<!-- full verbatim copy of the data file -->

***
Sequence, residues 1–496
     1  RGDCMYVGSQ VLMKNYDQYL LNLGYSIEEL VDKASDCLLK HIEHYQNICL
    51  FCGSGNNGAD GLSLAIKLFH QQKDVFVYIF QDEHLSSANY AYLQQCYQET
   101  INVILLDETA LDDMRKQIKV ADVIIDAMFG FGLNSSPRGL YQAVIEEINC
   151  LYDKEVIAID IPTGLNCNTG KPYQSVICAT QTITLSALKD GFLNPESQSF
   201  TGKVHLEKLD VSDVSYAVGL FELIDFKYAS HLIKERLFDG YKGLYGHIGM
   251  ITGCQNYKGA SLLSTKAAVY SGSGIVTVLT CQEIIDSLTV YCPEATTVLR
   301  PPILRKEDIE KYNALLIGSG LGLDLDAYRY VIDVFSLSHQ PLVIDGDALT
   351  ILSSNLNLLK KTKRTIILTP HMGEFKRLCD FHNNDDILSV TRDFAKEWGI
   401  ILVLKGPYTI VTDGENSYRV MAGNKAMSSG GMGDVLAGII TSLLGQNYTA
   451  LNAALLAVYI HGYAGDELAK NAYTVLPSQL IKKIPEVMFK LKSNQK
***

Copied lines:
Sequence, residues 1–496
     1  RGDCMYVGSQ VLMKNYDQYL LNLGYSIEEL VDKASDCLLK HIEHYQNICL
    51  FCGSGNNGAD GLSLAIKLFH QQKDVFVYIF QDEHLSSANY AYLQQCYQET
   101  INVILLDETA LDDMRKQIKV ADVIIDAMFG FGLNSSPRGL YQAVIEEINC
   151  LYDKEVIAID IPTGLNCNTG KPYQSVICAT QTITLSALKD GFLNPESQSF
   201  TGKVHLEKLD VSDVSYAVGL FELIDFKYAS HLIKERLFDG YKGLYGHIGM
   251  ITGCQNYKGA SLLSTKAAVY SGSGIVTVLT CQEIIDSLTV YCPEATTVLR
   301  PPILRKEDIE KYNALLIGSG LGLDLDAYRY VIDVFSLSHQ PLVIDGDALT
   351  ILSSNLNLLK KTKRTIILTP HMGEFKRLCD FHNNDDILSV TRDFAKEWGI
   401  ILVLKGPYTI VTDGENSYRV MAGNKAMSSG GMGDVLAGII TSLLGQNYTA
   451  LNAALLAVYI HGYAGDELAK NAYTVLPSQL IKKIPEVMFK LKSNQK